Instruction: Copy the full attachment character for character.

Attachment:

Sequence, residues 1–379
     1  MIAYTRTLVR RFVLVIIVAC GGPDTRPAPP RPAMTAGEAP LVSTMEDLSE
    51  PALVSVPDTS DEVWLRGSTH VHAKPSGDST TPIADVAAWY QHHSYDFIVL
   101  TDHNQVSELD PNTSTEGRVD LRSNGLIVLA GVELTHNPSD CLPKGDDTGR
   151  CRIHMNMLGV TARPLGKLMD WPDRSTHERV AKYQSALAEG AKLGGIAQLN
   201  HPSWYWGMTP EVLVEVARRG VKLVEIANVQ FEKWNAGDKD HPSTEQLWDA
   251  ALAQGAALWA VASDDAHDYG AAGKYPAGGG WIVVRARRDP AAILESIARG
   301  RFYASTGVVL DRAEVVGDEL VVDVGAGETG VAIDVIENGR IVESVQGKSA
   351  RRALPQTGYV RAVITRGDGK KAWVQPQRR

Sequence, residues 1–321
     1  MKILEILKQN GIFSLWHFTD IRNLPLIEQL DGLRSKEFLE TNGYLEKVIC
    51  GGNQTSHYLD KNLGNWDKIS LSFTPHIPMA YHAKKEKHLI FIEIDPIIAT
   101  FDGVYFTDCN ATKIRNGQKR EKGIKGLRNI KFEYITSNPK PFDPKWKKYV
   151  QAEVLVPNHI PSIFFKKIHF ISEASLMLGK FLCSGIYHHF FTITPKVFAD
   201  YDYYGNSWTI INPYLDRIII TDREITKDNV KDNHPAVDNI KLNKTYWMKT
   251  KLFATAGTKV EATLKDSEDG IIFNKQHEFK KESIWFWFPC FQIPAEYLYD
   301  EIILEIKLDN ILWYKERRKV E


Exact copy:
Sequence, residues 1–379
     1  MIAYTRTLVR RFVLVIIVAC GGPDTRPAPP RPAMTAGEAP LVSTMEDLSE
    51  PALVSVPDTS DEVWLRGSTH VHAKPSGDST TPIADVAAWY QHHSYDFIVL
   101  TDHNQVSELD PNTSTEGRVD LRSNGLIVLA GVELTHNPSD CLPKGDDTGR
   151  CRIHMNMLGV TARPLGKLMD WPDRSTHERV AKYQSALAEG AKLGGIAQLN
   201  HPSWYWGMTP EVLVEVARRG VKLVEIANVQ FEKWNAGDKD HPSTEQLWDA
   251  ALAQGAALWA VASDDAHDYG AAGKYPAGGG WIVVRARRDP AAILESIARG
   301  RFYASTGVVL DRAEVVGDEL VVDVGAGETG VAIDVIENGR IVESVQGKSA
   351  RRALPQTGYV RAVITRGDGK KAWVQPQRR

Sequence, residues 1–321
     1  MKILEILKQN GIFSLWHFTD IRNLPLIEQL DGLRSKEFLE TNGYLEKVIC
    51  GGNQTSHYLD KNLGNWDKIS LSFTPHIPMA YHAKKEKHLI FIEIDPIIAT
   101  FDGVYFTDCN ATKIRNGQKR EKGIKGLRNI KFEYITSNPK PFDPKWKKYV
   151  QAEVLVPNHI PSIFFKKIHF ISEASLMLGK FLCSGIYHHF FTITPKVFAD
   201  YDYYGNSWTI INPYLDRIII TDREITKDNV KDNHPAVDNI KLNKTYWMKT
   251  KLFATAGTKV EATLKDSEDG IIFNKQHEFK KESIWFWFPC FQIPAEYLYD
   301  EIILEIKLDN ILWYKERRKV E